Yes, We CAN: Microsoft-Led Coalition Targets White Spaces for Rural Broadband

A new Microsoft-led Connect Americans Now (CAN) coalition aims to provide broadband to rural areas using unlicensed broadcast spectrum.

Aditya Kishore, Practice Leader, Video Transformation, Telco Transformation

January 4, 2018

3 Min Read
Yes, We CAN: Microsoft-Led Coalition Targets White Spaces for Rural Broadband

Microsoft has pulled together a group of advocates to help roll out broadband to underserved (or not-at-all-served) rural areas in the US. It has launched a new coalition called Connect Americans Now (CAN) to lobby the Federal Communications Commission (FCC) and other policymakers to provide sufficient "white space" spectrum that can be used for broadband connectivity.

The founders of the CAN coalition are: Microsoft Corp. (Nasdaq: MSFT); ACT (The App Association); the National Rural Education Association; the Schools, Health and Library Broadband Coalition; the Wisconsin Economic Development Association; Alaska Communications; Axiom; the Mid-Atlantic Broadcasting Communities Corporation; the American Pain Relief Institute; HTS Ag; and others.

According to the software giant, 23.4 million rural Americans do not have access to broadband networks. That's because it is not financially viable for network operators to build networks in these sparsely populated areas. However, with the Internet becoming an increasingly important part of business and ordinary life, this is a huge challenge for the development of these areas.

Microsoft found this particularly affects students trying to work and get information online, businessmen trying to conduct ecommerce and the unemployed, who are looking for work.

The coalition is targeting white space spectrum: guard bands used between UHF analog TV channels. This capacity has increased as digital transmission allows for improved video compression, and there have been deployments of broadband using white spaces by some ISPs.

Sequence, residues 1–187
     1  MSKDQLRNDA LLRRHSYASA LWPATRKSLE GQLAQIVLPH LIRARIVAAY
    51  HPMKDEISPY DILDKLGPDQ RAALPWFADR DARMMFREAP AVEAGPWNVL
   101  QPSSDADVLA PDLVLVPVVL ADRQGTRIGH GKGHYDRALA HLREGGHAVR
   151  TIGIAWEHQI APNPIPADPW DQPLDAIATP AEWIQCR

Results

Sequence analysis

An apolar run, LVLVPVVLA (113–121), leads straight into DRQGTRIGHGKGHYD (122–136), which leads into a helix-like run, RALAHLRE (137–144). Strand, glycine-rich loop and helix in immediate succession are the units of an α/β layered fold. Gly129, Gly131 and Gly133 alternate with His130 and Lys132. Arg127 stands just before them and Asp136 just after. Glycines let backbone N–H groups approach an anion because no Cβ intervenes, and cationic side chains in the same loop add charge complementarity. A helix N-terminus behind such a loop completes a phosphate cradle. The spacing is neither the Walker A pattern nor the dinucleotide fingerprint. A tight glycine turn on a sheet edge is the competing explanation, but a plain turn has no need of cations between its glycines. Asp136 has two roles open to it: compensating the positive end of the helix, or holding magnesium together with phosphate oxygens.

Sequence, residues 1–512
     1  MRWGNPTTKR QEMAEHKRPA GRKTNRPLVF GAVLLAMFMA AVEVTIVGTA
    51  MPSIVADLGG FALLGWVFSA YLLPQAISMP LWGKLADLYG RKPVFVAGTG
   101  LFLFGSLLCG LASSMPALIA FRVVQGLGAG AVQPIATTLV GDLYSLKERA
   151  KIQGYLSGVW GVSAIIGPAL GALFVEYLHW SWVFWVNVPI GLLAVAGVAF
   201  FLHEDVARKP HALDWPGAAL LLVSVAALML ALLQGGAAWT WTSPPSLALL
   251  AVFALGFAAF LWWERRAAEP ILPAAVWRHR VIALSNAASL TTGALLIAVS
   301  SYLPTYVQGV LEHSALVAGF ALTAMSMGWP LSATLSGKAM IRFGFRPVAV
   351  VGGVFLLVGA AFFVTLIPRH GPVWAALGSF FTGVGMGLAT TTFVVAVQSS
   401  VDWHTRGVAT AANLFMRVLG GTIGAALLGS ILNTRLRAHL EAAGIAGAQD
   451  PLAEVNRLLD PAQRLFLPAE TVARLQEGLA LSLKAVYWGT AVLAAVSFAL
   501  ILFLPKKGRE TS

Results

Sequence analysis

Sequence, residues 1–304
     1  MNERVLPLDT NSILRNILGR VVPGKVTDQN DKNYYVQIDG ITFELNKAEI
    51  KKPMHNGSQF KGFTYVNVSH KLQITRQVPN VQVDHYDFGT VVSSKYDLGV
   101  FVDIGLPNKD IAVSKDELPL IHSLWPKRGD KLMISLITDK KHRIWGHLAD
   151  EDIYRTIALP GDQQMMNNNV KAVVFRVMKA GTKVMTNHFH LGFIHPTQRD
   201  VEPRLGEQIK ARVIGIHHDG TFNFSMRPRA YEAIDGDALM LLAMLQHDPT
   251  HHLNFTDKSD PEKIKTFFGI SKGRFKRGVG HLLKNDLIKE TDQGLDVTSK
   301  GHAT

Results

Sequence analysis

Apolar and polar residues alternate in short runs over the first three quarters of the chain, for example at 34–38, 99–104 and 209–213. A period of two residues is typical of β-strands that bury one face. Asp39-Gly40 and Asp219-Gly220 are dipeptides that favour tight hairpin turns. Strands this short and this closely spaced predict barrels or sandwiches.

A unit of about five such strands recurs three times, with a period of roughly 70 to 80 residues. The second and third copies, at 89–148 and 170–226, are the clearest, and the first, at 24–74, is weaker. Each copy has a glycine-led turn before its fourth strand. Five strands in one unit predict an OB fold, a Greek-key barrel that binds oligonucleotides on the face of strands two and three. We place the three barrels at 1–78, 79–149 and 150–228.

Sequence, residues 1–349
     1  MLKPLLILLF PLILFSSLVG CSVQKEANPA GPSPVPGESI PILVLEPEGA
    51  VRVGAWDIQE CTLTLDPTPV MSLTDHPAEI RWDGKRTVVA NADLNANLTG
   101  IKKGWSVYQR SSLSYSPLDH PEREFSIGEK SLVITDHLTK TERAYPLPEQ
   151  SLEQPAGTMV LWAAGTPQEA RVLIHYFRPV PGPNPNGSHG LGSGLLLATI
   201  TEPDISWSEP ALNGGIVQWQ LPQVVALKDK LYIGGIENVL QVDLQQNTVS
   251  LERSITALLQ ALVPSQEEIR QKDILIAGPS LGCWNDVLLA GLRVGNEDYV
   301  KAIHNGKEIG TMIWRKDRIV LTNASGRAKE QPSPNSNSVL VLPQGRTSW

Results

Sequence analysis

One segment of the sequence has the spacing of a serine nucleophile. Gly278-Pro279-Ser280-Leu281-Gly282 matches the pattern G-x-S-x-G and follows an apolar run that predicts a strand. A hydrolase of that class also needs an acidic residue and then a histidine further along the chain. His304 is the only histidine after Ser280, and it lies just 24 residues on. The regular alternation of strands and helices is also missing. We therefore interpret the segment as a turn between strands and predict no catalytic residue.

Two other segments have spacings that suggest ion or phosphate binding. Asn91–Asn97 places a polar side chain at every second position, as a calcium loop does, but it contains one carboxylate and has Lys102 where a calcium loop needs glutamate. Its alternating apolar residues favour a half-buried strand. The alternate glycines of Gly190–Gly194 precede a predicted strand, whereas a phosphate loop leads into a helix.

In fact, Microsoft has been working on this since July last year when it launched its Rural Airband Initiative, a $10 billion initiative aimed at bringing broadband to 2 million rural Americans by 2022. Originally aimed at the developing world, Microsoft has used the technology in Africa and the Philippines. But now it sees an important opportunity to use it in rural America. (See Microsoft Pushes White Spaces for Rural Broadband .)

In order to make this work, Microsoft needs legislative support that will ensure that sufficient white space is available in each market. And that's going to be challenge given that everyone wants more spectrum. The development of the ATSC 3.0 standard is encouraging broadcasters to simulcast with new technologies and enable new services. The recent repackaging of broadcast spectrum will also require new spectrum for stations and of course, providers and potential providers of wireless services are also keen on more spectrum.

The National Association of Broadcasters (NAB) for example, has described Microsoft's attempts to access this spectrum as a "spectrum grab" and warns legislators not to give a "$540 billion company a handout."

It argues that 1,000 broadcasters have been shifted as a result of the repack, and many may be forced off the air. Microsoft's attempts to get hold of this spectrum could force even more to shut down, denying viewers "critical local news, emergency weather and community information."

Broadcasters are themselves interested in offering interactive, two-way services, one of the potential benefits of ATSC 3.0. So they are likely to aggressively resist any loss of spectrum.

But Microsoft argues that this particular spectrum is very useful for broadband connectivity. TV signals have four times the reach of WiFi. If you take all four directions into account, that's 16 times the reach. TV signals also pass through hills and buildings better and rural areas are less likely to have as many channels as big cities, so there's going to be more "unused" spectrum available. The NAB disputes this, saying that if Microsoft only wanted unused spectrum, it wouldn't be lobbying for it.

The two sides look well set for a battle over the course of 2018.

— Aditya Kishore, Practice Leader, Video Transformation, Telco Transformation

About the Author(s)

Aditya Kishore

Practice Leader, Video Transformation, Telco Transformation

Aditya Kishore is the Principal Analyst at Diametric Analysis, a consultancy focused on analysing the disruptive impact of Internet distribution on the video and telecom sectors, and developing the necessary strategies and technology solutions required to drive profitability. He can be reached at [email protected]

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